Restorative neurology and neuroscience vol:15 issue:2-3 pages:153-64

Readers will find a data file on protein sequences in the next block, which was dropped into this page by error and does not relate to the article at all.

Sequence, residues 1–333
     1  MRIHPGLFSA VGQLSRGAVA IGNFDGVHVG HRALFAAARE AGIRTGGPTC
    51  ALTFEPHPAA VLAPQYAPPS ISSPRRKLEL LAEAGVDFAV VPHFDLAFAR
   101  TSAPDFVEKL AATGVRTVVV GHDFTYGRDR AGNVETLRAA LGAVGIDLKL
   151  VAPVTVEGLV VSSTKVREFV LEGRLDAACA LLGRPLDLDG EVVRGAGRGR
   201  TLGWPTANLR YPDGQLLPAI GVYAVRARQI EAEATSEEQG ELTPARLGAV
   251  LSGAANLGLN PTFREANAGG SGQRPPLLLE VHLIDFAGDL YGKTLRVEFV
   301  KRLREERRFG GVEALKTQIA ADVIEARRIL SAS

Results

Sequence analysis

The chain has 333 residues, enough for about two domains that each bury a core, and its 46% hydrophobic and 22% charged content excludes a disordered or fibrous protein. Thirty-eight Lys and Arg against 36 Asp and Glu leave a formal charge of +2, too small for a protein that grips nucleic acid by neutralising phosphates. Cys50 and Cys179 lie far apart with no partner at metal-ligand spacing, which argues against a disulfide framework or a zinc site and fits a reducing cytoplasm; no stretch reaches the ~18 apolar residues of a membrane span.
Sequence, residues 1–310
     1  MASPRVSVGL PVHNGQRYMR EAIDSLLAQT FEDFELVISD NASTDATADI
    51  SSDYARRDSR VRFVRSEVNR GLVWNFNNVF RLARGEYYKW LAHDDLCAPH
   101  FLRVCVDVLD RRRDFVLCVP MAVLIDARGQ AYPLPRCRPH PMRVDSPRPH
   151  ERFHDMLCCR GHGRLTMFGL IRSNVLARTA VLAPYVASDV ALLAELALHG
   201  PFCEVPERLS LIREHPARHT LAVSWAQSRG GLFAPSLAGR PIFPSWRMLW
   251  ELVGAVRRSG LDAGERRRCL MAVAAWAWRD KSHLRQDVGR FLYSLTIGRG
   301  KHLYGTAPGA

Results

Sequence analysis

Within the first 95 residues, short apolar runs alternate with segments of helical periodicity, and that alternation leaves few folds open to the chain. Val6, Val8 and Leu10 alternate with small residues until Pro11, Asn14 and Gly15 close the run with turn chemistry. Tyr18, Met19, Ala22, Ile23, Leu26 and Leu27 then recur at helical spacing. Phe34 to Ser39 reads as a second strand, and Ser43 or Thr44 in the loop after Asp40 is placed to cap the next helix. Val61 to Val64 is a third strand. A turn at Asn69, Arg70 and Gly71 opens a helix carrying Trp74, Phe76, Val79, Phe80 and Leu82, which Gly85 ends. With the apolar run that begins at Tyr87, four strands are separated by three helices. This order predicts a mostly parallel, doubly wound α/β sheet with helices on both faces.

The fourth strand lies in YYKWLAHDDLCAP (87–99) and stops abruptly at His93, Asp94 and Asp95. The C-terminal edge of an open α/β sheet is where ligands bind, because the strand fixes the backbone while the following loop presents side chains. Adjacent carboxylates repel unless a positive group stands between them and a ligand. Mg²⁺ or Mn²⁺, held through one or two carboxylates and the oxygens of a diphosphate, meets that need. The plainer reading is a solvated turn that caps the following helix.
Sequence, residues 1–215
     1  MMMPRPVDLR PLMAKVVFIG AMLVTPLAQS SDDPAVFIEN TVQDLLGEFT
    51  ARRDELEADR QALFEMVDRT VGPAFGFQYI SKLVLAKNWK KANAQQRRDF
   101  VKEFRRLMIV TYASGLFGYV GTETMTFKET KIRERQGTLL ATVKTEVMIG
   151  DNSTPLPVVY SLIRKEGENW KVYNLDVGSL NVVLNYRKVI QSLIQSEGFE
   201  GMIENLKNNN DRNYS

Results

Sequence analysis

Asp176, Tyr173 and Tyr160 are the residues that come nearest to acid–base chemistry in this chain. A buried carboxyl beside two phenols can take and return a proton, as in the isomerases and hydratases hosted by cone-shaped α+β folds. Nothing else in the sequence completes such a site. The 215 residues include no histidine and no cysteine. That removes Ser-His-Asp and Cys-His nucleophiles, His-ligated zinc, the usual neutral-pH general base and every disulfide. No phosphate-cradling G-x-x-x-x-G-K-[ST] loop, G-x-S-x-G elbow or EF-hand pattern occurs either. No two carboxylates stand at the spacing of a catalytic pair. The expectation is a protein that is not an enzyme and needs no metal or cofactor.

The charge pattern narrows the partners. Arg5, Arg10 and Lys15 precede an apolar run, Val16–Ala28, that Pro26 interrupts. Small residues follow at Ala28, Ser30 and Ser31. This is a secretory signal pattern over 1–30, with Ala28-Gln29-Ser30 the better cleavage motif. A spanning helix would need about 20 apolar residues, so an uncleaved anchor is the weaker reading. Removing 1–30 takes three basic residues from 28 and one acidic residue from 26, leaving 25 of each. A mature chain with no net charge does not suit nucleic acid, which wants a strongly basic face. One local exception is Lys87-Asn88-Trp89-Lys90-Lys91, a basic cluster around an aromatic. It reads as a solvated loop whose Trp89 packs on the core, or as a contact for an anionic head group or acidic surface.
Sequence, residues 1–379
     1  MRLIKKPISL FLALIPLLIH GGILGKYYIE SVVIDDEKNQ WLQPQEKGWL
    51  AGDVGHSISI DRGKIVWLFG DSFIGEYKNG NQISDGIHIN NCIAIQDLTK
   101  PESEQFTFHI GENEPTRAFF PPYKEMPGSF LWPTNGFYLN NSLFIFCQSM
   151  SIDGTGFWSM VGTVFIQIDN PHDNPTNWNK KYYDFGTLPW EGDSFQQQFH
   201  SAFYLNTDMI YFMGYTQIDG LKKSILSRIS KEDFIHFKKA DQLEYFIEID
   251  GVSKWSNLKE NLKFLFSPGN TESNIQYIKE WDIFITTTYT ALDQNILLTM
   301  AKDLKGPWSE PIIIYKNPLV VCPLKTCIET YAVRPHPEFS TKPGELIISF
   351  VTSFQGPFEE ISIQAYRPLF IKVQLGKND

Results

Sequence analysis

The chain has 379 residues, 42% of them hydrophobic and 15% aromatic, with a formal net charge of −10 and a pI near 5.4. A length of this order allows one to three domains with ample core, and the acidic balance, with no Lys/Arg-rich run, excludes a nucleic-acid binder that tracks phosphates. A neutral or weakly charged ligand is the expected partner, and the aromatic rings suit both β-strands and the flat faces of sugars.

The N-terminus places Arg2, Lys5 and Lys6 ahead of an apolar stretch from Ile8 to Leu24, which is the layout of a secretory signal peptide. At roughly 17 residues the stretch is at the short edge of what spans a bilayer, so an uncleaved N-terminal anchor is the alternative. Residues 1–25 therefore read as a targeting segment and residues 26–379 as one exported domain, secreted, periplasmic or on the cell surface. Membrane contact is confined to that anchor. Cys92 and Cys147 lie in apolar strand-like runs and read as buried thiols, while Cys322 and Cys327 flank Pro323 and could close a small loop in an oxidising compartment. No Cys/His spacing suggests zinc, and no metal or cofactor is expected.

Retinal and cortical lesions are completely different events that trigger visual cortical plasticity. We therefore compared the cortical effects of homonymous lesions of the central retina with effects of cortical lesions. All in vivo experiments were performed in anaesthetized, adult cats. Retinal lesions were made with a Xenon-light photocoagulator, and cortical lesions were induced by focal application of heat or ibotenic acid injection. Both, in cortical regions representing the retinal scotoma and at the border of small focal cortical lesions single neuron activity was initially suppressed and accompanied by a narrow area of increased activity adjacent to the region of functional loss during the first 1-2 weeks. At the same time an increased glutamatergic NMDA response and a reduction of GABA(A) and GABA(B) responses was observed around the cortical lesions in vitro. At an early stage long-term potentiation (LTP) is facilitated in those regions that were characterized by local upregulation of excitation and downregulation of inhibition after cortical lesions. Similarly, at the border of cortical scotomas in area 17 an increased glutamate level was found while inside the scotoma GAD levels were reduced. Shifts in topography of retinal representation as well as increases of receptive field size were detected as signs of lesion-induced neuronal reorganization after retinal and cortical lesions with longer survival times. A common cascade of events is triggered in the visual cortex by retinal as well as cortical lesions: reduced GABAergic inhibition and increased glutamatergic excitation, leading to increased spontaneous activity and visual excitability that is accompanied by facilitated LTP, and appears to initiate local cortical reorganization after functional disturbances in the visual system.